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A safe space to nerd out on golf courses: The Feed the Ball podcast features thoughtful, intriguing conversations about architecture

Ocean Course Kiawah 10th hole

Courtesy of Kiawah Island Golf Resort

February 15, 2020

The rarest and perhaps most pitiful category of golfer (some would describe it as insufferable) is the golf course architecture fanatic. No one has ever been able to explain why a small number of irretrievably corrupted souls happen to gravitate toward golf courses and architecture above all other parts of the game, but all I can say is, we’re born this way. Even most of the fine people working at Golf Digest don’t really understand us.

The nature of my particular affliction goes back to my youth when I would check out and re-check out from the library the World Atlas of Golf and Golf Digest’s books on the 100 Greatest Golf Courses. Other kids my age had posters of Magic Johnson hanging in their rooms and hats signed by John Elway; I had magazine spreads of Pebble Beach and wanted Ron Whitten’s autograph.'

I began writing about golf courses and golf design in the early 2000s, and some of my most exciting moments during those early years happened when I could get an architect on the phone for an interview, like I've done below, usually someone I’d only previously read about in a magazine. A real celebrity, in other words. That old thrill of talking about golf courses with the people who create them—about landforms and architectural ideas and golf course histories—has never left.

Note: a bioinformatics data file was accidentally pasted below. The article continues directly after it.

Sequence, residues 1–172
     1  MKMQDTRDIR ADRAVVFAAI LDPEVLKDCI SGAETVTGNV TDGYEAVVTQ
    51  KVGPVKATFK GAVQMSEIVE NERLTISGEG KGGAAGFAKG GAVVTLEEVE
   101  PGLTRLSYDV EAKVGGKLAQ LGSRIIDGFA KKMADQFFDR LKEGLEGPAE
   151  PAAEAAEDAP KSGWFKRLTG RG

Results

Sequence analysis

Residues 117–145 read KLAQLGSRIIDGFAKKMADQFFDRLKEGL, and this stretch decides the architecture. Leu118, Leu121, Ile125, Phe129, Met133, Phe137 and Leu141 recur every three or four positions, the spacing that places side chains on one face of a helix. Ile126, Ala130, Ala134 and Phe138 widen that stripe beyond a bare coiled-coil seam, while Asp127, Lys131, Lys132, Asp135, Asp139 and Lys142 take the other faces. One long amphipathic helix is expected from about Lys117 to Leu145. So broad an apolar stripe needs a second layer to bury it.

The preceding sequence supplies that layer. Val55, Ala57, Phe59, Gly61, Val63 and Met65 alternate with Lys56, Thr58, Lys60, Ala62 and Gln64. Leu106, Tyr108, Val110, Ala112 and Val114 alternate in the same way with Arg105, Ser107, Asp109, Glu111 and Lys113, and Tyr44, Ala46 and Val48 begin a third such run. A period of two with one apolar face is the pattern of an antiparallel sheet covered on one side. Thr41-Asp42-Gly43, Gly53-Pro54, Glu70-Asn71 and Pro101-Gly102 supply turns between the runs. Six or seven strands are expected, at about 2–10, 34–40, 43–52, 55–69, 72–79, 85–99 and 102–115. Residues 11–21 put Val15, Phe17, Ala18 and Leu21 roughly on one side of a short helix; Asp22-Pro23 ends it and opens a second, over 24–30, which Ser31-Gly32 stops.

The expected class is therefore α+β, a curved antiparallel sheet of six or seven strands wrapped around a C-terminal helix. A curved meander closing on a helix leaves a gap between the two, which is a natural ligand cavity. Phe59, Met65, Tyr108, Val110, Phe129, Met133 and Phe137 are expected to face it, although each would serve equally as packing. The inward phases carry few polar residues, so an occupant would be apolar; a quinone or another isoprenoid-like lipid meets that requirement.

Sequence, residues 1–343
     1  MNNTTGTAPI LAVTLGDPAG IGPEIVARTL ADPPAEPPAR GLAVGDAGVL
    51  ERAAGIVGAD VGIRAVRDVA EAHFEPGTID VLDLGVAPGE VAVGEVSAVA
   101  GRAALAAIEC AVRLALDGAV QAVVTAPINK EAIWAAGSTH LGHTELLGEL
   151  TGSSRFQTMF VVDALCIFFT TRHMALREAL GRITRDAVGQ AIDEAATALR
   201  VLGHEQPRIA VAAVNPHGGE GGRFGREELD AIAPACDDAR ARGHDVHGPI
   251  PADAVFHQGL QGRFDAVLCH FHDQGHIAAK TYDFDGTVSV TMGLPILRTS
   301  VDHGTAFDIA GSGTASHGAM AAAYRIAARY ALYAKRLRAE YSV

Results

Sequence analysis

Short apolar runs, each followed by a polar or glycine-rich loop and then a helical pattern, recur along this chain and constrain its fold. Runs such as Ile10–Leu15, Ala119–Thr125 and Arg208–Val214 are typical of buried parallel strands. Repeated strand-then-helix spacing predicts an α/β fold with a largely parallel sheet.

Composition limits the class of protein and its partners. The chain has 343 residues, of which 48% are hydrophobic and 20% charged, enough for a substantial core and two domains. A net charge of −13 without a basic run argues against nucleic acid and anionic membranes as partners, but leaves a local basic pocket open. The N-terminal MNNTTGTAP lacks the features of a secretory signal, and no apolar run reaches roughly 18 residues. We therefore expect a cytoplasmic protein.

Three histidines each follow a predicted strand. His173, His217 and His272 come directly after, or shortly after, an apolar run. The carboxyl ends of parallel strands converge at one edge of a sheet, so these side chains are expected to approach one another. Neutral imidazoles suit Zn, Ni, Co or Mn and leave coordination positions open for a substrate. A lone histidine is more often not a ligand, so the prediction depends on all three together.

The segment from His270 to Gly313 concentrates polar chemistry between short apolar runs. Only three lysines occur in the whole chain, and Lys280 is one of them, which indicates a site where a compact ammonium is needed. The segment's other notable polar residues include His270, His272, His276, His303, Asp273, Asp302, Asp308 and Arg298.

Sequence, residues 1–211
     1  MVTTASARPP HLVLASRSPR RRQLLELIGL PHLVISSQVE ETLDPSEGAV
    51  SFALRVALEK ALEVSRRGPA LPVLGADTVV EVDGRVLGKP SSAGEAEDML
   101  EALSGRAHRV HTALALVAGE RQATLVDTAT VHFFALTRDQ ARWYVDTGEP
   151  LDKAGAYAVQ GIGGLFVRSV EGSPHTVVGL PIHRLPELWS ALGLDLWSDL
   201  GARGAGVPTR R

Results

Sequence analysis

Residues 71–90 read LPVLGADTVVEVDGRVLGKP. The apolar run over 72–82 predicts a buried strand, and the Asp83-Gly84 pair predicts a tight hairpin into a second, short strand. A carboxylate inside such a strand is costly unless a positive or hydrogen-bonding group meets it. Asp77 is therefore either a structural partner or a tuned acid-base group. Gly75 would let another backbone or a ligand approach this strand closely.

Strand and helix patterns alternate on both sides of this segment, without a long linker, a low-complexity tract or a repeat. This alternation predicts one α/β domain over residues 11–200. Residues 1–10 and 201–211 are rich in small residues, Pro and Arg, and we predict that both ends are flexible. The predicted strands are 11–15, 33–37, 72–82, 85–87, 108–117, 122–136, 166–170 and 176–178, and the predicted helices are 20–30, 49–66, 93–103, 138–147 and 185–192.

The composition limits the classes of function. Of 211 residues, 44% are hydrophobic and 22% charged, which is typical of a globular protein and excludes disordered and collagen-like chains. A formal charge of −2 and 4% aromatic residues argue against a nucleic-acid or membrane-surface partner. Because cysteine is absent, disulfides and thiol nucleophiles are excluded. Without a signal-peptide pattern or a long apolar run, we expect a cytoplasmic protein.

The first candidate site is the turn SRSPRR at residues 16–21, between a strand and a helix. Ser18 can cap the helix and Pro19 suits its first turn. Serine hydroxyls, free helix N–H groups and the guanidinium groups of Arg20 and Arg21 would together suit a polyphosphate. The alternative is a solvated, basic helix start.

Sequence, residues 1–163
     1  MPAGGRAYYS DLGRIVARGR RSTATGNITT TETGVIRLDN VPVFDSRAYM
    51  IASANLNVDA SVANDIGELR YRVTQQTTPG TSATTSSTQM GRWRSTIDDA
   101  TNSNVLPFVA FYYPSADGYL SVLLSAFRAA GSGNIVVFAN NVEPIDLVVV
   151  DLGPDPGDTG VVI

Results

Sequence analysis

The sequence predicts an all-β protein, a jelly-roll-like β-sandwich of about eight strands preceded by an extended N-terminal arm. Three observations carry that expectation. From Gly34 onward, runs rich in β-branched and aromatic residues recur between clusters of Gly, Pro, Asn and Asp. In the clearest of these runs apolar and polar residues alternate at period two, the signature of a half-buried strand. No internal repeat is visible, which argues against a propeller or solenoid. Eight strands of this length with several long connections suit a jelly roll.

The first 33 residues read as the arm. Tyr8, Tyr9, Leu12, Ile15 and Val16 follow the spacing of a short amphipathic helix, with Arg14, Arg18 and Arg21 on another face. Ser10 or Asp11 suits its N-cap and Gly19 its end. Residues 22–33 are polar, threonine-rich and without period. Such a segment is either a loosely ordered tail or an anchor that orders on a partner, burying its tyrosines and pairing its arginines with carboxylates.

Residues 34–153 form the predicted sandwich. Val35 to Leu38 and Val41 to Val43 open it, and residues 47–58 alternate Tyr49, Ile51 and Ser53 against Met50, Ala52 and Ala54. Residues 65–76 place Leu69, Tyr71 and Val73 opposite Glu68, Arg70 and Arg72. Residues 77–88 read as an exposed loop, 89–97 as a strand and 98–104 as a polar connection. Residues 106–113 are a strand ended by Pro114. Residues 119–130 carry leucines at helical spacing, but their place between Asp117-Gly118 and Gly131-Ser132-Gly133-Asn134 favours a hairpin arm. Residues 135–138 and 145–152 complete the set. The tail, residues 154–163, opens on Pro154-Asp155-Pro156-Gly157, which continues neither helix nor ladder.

Myself and Golf Digest is now bringing to you what I started in 2017 with my “Feed the Ball” podcast, named for the concept of maneuvering shots along the ground and using slopes to guide the golf ball into position—the marriage of earth, creativity and control that lies at the heart of the game. You get to hear those discussions I value most. My guests have included architects, shapers, historians and media figures, and we’ve engaged in casual, long-form conversations about all aspects of golf and design. I’m also proud that these episodes form a kind of collective archive that preserves the thoughts and words of fascinating figures.

With “Feed the Ball,” I hope to connect readers and listeners to an even larger world of people, places and stories. Working with Golf Digest, a lifelong ambition, provides a way to reach a far greater audience of potential enthusiasts.

The paradox of architectural passion is that the more golf courses you play and learn about, the more the affliction intensifies. Architecture has a beautifully corrupting, compounding effect. “Feed the Ball” may even turn some of you into one of us.

For the first episode I will share with Golf Digest readers, I bring to you someone who worked with Pete and Alice Dye for years, Scot Sherman. Like so many other contemporary designers, Sherman got his start in the profession working with Pete and Alice, as well as their son Perry Dye, in the early 1990s. Later, he joined the Florida-based firm of Bobby Weed, an integral member of the extended Dye “family,” where he helped design and oversee the construction of numerous elegant and thought-provoking courses, both new builds and major remodels.

Sherman currently works for Mark and Davis Love III at Love Golf Design, with whom he’s orchestrated significant artistic overhauls of the Atlantic Dunes course at Sea Palms, and the Plantation Course at Sea Island, a course that traces its lineage back to Walter Travis. The company’s current projects include the new Birdwood Course at Boar’s Head Resort near Charlottesville, and an innovative reworking of the Belmont course in Richmond for the First Tee of America, which entails the restoration of twelve A.W. Tillinghast holes plus the creation of a flexible six-hole short course and practice center.

Sherman joins myself on the podcast to discuss these projects, going face-to-face with wild animals, discovering his love for architecture in church, the “Greenville (South Carolina) School of Architecture,” trying to understand the way Pete Dye’s mind worked, and how modern technology disrupts the task of creating courses and set-ups that can challenge Tour players.